[An Artist Not Making Art]
An artist not making art is chewing a death.
An artist not making art is a rusty knife.
An artist not making art is a starving city.
An artist not making art is a collapsing ceiling.
An artist not making art is a gulping loneliness.
An artist not making art is a wounded ocean.
An artist not making art is an empty gaze.
An artist not making art is a withering bloodroot.
An artist not making art is a desperate weapon.
An artist not making art is forgetting the way home again. 1
I really thought I was okay in 2020. Four of my five kids came home, some with partners and dogs to a modified shelter-in-place dynamic. I had a very disciplined painting practice that included 7 to 8 hours of studio time, every single day. We had fun making dinner, taking hikes, playing board games in the evening. We revamped the garden together and grew closer. I feel guilty to say it because this was not everyone’s experience, but I treasure that time because it was an opportunity to be with my near-grown kids that I otherwise would have never experienced. We had a very privileged “go” through the beginning of the pandemic: my kids had us as a resource and most of us could work from our home, virtually. None were first responders or front-line employees, the true heroes of this pandemic.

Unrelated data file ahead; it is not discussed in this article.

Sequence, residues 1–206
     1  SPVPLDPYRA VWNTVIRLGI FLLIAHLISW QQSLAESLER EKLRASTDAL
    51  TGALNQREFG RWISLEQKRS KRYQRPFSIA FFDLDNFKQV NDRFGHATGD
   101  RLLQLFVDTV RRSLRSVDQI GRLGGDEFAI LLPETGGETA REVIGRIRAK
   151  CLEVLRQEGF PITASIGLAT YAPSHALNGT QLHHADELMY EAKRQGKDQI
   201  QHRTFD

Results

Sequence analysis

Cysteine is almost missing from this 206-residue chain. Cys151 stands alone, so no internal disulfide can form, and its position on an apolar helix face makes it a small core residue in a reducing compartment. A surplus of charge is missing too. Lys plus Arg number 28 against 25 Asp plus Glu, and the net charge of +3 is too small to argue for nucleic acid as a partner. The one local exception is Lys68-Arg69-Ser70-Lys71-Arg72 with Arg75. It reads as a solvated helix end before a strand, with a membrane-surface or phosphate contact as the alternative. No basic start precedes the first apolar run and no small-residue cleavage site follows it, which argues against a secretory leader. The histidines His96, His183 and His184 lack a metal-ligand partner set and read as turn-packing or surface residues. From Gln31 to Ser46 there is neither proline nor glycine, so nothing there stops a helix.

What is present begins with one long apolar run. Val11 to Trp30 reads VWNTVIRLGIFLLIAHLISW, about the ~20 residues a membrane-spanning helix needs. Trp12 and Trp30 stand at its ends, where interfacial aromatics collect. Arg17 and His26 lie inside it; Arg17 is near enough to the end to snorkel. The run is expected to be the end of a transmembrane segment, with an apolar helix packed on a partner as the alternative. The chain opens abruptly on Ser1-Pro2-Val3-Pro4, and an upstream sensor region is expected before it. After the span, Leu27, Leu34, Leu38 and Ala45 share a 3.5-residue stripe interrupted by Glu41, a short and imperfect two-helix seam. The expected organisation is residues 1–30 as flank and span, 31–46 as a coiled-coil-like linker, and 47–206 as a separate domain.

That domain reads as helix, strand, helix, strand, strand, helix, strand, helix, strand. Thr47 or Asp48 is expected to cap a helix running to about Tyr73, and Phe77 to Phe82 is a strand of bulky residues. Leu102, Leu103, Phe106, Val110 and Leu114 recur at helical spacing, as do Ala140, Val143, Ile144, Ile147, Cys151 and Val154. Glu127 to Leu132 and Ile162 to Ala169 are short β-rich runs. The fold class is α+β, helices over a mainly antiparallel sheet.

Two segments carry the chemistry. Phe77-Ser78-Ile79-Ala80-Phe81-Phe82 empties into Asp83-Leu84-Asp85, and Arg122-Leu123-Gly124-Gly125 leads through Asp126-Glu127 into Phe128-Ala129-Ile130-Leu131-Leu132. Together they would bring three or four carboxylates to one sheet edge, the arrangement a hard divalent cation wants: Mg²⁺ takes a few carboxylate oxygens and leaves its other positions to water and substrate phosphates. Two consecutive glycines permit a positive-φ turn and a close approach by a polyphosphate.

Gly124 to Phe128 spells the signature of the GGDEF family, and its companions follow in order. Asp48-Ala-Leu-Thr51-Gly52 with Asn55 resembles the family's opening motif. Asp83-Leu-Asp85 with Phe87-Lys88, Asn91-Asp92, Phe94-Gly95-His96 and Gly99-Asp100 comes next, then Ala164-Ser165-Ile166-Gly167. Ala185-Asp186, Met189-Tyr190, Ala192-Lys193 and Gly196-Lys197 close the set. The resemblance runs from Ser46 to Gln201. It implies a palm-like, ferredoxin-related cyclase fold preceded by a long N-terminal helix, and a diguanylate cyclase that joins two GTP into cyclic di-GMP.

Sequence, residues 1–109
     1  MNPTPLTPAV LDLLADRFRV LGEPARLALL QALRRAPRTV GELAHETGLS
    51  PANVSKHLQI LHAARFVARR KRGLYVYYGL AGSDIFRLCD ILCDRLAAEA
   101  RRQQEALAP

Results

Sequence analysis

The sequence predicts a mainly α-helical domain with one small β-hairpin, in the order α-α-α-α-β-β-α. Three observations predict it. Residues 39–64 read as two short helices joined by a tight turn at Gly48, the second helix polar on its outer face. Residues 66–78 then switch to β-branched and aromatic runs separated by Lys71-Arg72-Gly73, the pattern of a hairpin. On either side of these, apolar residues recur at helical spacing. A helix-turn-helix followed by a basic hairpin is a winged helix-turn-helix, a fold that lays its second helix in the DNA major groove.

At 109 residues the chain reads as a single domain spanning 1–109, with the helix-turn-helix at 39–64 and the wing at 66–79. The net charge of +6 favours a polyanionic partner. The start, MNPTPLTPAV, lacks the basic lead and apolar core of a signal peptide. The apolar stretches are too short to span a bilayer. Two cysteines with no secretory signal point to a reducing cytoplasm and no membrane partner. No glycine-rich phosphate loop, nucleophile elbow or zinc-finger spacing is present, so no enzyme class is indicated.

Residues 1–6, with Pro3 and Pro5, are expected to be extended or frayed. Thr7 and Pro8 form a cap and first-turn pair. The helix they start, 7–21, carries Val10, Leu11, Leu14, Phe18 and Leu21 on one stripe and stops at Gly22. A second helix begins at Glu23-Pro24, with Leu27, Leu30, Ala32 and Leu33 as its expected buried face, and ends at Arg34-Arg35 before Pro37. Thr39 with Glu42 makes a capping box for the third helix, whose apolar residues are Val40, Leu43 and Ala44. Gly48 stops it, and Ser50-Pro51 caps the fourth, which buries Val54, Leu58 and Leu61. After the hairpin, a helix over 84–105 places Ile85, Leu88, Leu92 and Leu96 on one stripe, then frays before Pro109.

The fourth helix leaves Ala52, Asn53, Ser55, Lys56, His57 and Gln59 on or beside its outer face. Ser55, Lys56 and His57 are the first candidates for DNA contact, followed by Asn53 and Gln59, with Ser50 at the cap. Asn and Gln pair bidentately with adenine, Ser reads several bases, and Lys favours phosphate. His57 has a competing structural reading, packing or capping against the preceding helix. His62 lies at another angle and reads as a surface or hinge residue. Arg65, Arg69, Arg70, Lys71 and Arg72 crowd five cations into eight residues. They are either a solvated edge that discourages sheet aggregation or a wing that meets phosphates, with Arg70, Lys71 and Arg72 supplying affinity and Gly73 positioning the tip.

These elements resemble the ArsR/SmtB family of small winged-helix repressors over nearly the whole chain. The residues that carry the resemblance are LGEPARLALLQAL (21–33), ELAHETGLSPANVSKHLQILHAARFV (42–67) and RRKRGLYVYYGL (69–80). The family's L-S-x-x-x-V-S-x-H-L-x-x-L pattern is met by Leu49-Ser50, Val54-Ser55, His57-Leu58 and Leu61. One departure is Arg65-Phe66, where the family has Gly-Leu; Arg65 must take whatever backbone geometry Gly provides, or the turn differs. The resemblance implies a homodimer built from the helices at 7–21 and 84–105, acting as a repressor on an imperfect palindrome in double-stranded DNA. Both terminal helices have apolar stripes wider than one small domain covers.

And then came 2021, as it unfolded, I realized things weren’t quite as untouched as I thought. Cracks in relationships appeared- what had kept friendship growing under the usual circumstances of Saturday night dinners, art viewing lunches, and Liberty Park picnics thinned by politics, vaccination status, and fear. Routines established during the COVID lockdown began to unravel. All I wanted to do was physically hug my dear friends and relatives- living far-flung across the US- painting routine " be damned."
I feel like I’ve spent the latter part of 2021 scrambling back to my center. Getting baby girl established in her new high school, helping my other child undo the damage created from 2 semesters of virtual college classes, reconnecting with friends regardless of opinion about COVID, all while in a sideways sleeting shame storm over my disrupted painting practice. 2021 was a year of trying to find normal, trying to climb out of the shame of not creating a massive body of work. Now here we are in 2022, another wave, another round of cancellations, more disruption.
I recently found the poem above by Noor Unnahar and have taken refuge in it. I hope it will be as helpful to you as it is to me, whether you are a painter, a teacher, a chef, a nurse, or a coder. Creating is the path home, back to center.
I left my refuge to repair and connect and now it is simply time to return. Begin again, remember my original place. Leave the shame story along the side of the road. Simply paint, no story.
In short, as I finish my paintings, I’ll post them on the website. I hope you’ll walk with me as each of us remember our way home.
Sending blessing for the new year,
1 Unnahar, Noor. New Names for Lost Things. Andrews McMeel Publishing, 2021.